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TPO junction and dreams

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  • yeoman
    In the Scientific American article, there is reference to the TPO Junction or Junction of the Temporal, Parietal and Occipital lobes. The point is made that
    Message 1 of 4 , Apr 21, 2003
      In the Scientific American article, there is reference to
      the TPO Junction or Junction of the Temporal, Parietal and
      Occipital lobes. The point is made that this is the
      location of mixing of senses and is particular to the
      Synesthesia disorder.

      I got to thinking about this in regard to my time-to-time
      study of dreaming and means of getting to sleep.

      A frequent dream is that of flying. This would seem to
      follow if, at the time of dreaming, the TPO takes over
      control of our senses.

      What brings us back to Existentialism is to realise the link
      of this characteristic to various subjectivity states. I
      would suggest that our desire for self-actuation is of this
      type. It also pops up in a variety of
      mythologies/religions.

      - the focus of Egyptian worldview and religion is the
      position of the pharaoh in maintaining order and holding
      back chaos. The Pyramids are constructed as a sort of dream
      palace for the current Pharaoh, so that even after death, he
      can fulfill his role. At night his Ka would leave the body
      to visit the afterworld. This would be known to the
      average Egyptian, since it is replication of the form of
      dreaming that everyone experiences. It shows that behind
      even the seeming irrationality of religion, there is reason.

      - The Greek mythologies had an emphasis of height in
      relation to power.

      - European pagan mythologies involved witches that flew at
      night.

      - and many other mythologies that are known to us.

      The point being that our subjectivity is not unique nor
      enigmatic, but follows certain patterns that are already
      established. This does not necessarily mean that we have a
      loss of personal control, but awareness of these patterns
      would allow us to differentiate reality from fantasy.

      eduard
    • Mark and Bev Tindall
      ... The link is not adequately demonstrated. ... It only shows that objective quantitative non-existentialist science ... and a lack of adequate knowledge of
      Message 2 of 4 , Apr 22, 2003
        Eduard wrote:


        > What brings us back to Existentialism is to realise the link
        > of this characteristic to various subjectivity states.

        The link is not adequately demonstrated.


        > It shows that behind
        > even the seeming irrationality of religion, there is reason.


        It only shows that objective quantitative non-existentialist science ... and
        a lack of adequate knowledge of ancient civilisations ... is primary in your
        world view.


        > but awareness of these patterns
        > would allow us to differentiate reality from fantasy.


        Oh ... objective quantitative scientific reality (which excludes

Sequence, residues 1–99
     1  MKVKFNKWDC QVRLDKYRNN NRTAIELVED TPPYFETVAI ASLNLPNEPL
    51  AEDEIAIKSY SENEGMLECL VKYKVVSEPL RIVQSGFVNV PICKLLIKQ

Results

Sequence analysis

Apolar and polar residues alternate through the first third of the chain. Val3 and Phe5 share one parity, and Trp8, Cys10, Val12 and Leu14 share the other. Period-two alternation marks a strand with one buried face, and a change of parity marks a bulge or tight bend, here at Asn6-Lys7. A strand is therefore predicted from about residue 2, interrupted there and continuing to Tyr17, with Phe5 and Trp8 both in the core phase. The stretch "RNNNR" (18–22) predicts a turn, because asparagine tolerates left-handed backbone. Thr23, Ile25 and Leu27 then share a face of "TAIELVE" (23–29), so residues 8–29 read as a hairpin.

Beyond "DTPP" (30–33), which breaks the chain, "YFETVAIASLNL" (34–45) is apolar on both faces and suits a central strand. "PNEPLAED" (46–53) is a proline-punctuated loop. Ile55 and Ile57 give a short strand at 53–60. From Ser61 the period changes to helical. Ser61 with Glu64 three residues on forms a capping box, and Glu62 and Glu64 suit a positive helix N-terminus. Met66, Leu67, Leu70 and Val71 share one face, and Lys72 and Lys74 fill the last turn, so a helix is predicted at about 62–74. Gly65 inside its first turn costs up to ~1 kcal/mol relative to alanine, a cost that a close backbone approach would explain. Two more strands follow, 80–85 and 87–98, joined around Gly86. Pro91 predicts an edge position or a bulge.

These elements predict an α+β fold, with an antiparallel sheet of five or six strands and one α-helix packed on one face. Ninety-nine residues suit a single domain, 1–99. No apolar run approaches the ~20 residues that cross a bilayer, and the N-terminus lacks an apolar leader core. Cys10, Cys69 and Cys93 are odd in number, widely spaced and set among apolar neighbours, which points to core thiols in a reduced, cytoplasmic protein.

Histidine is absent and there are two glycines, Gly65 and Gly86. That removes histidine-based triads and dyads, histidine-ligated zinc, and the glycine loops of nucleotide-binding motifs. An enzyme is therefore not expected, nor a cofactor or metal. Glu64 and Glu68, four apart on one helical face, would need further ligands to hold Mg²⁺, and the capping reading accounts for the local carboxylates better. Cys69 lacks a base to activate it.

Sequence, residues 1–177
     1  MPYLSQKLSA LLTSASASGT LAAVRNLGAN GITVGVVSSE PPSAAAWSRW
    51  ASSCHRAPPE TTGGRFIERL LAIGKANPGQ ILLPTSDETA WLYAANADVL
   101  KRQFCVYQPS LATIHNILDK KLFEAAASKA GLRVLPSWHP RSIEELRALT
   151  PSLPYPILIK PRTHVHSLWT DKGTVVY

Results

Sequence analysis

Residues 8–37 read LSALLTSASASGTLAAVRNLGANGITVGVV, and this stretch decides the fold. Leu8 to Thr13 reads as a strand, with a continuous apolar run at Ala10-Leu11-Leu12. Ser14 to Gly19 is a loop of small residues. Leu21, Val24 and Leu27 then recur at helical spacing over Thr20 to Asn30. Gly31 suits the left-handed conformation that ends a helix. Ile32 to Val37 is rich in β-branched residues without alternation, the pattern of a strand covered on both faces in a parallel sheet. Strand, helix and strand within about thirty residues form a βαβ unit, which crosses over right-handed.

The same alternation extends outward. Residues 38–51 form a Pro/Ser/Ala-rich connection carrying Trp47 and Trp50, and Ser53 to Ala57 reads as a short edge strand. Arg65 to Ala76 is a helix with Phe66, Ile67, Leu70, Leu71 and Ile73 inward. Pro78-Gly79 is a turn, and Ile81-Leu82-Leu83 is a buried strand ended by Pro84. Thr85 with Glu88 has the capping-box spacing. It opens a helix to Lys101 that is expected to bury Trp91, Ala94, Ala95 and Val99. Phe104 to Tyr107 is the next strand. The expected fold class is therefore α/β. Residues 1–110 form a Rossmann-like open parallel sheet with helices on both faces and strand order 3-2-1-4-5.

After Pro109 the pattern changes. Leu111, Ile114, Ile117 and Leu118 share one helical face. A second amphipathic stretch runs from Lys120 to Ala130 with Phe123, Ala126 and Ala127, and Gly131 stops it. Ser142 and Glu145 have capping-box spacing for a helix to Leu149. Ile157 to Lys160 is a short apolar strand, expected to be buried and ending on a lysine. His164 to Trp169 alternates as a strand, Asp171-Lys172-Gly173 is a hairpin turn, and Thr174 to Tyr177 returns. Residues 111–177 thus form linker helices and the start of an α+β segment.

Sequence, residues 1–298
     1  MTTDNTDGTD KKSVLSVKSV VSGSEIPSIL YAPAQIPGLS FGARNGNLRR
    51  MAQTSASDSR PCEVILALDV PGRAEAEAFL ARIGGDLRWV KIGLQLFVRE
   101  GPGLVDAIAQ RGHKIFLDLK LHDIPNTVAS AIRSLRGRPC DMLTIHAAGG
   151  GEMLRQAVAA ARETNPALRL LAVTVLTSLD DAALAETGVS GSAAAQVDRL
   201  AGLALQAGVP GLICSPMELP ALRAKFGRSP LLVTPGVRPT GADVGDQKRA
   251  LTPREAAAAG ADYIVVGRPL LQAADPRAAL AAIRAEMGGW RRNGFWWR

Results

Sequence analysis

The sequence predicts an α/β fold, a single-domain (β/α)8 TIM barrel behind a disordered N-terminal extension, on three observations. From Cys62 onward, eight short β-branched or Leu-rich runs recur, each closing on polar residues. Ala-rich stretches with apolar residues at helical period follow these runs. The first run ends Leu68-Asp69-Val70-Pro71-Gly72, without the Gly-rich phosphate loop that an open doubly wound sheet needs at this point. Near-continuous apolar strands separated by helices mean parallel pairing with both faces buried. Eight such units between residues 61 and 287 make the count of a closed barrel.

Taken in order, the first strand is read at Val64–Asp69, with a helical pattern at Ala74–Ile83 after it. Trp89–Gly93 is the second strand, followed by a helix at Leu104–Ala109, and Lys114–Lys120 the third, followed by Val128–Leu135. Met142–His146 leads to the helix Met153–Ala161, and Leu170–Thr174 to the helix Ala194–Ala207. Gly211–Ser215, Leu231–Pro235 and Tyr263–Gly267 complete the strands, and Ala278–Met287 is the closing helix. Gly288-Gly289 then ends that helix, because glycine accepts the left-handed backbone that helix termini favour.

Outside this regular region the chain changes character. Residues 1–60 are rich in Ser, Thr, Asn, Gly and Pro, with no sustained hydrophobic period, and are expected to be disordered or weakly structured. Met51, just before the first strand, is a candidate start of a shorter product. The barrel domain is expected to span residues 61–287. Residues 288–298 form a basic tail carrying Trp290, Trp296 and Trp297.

existentialist subjectivity) can show us being! Really?

        Maybe you don't have any being. You say there is no ground or source to
        your being. Maybe you are a fantasy as you cannot prove your own existence.
        (I asked you to do so ... but you didn't answer ...)

        Jung's archetypes explain things much better than your garbled theory
        pinched from an article in the latest Scientific America.

        Have you read C G Jung's ' Memories, Dreams and Reflections' ?


        Mark
      • Rakwena Mogoai
        Eduard, ... enigmatic, but follows certain patterns that are already established. This does not necessarily mean that we have a loss of personal control, but
        Message 3 of 4 , Apr 22, 2003
          Eduard,

          >> The point being that our subjectivity is not unique nor
          enigmatic, but follows certain patterns that are already
          established. This does not necessarily mean that we have a
          loss of personal control, but awareness of these patterns
          would allow us to differentiate reality from fantasy>>


          Sometimes I seem to get lost when people speak about REALITY - What is
          REALITY. I have been wondering are dreams; hallucinations;thoughts and
          fantasy part of reality cuase at times these are spoken of as though they
          are not part of reality. So what is reality?

          Rakwena
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        • Harry JMK
          ... Yep, and he observed: An understanding heart is everything in a teacher, and cannot be esteemed highly enough. One looks back with appreciation to the
          Message 4 of 4 , Apr 28, 2003
            At 22-04-2003 10:01 Tuesday, Mark wrote to Eduard:
            >Jung's archetypes explain things much better than your garbled theory
            >pinched from an article in the latest Scientific America.
            >
            >Have you read C G Jung's ' Memories, Dreams and Reflections' ?

            Yep, and he observed:

            "An understanding heart is everything in a teacher, and cannot be esteemed
            highly enough. One looks back with appreciation to the brilliant teachers,
            but with gratitude to those who touched our human feeling."

            Carl G. Jung

            'Love U 2 :-)
            - Harry -
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